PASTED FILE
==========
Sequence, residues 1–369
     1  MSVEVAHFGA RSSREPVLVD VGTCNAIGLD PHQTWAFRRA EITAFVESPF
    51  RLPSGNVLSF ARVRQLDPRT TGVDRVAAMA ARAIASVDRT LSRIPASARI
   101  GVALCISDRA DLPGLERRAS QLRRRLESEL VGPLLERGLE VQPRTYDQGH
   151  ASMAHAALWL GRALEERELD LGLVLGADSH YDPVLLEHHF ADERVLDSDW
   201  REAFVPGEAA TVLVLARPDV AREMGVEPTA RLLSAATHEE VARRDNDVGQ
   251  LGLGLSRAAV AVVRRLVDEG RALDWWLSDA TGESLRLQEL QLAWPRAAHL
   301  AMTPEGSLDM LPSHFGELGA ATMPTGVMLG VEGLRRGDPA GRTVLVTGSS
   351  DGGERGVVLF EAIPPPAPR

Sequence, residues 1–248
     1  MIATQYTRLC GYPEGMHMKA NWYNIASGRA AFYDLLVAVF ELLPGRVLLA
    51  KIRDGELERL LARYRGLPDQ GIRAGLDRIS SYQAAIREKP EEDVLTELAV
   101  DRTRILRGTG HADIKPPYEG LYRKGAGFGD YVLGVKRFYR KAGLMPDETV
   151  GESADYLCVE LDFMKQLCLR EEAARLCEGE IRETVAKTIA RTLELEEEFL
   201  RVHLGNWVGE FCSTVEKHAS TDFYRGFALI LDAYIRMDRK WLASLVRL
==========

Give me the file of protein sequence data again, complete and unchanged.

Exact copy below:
Sequence, residues 1–369
     1  MSVEVAHFGA RSSREPVLVD VGTCNAIGLD PHQTWAFRRA EITAFVESPF
    51  RLPSGNVLSF ARVRQLDPRT TGVDRVAAMA ARAIASVDRT LSRIPASARI
   101  GVALCISDRA DLPGLERRAS QLRRRLESEL VGPLLERGLE VQPRTYDQGH
   151  ASMAHAALWL GRALEERELD LGLVLGADSH YDPVLLEHHF ADERVLDSDW
   201  REAFVPGEAA TVLVLARPDV AREMGVEPTA RLLSAATHEE VARRDNDVGQ
   251  LGLGLSRAAV AVVRRLVDEG RALDWWLSDA TGESLRLQEL QLAWPRAAHL
   301  AMTPEGSLDM LPSHFGELGA ATMPTGVMLG VEGLRRGDPA GRTVLVTGSS
   351  DGGERGVVLF EAIPPPAPR

Sequence, residues 1–248
     1  MIATQYTRLC GYPEGMHMKA NWYNIASGRA AFYDLLVAVF ELLPGRVLLA
    51  KIRDGELERL LARYRGLPDQ GIRAGLDRIS SYQAAIREKP EEDVLTELAV
   101  DRTRILRGTG HADIKPPYEG LYRKGAGFGD YVLGVKRFYR KAGLMPDETV
   151  GESADYLCVE LDFMKQLCLR EEAARLCEGE IRETVAKTIA RTLELEEEFL
   201  RVHLGNWVGE FCSTVEKHAS TDFYRGFALI LDAYIRMDRK WLASLVRL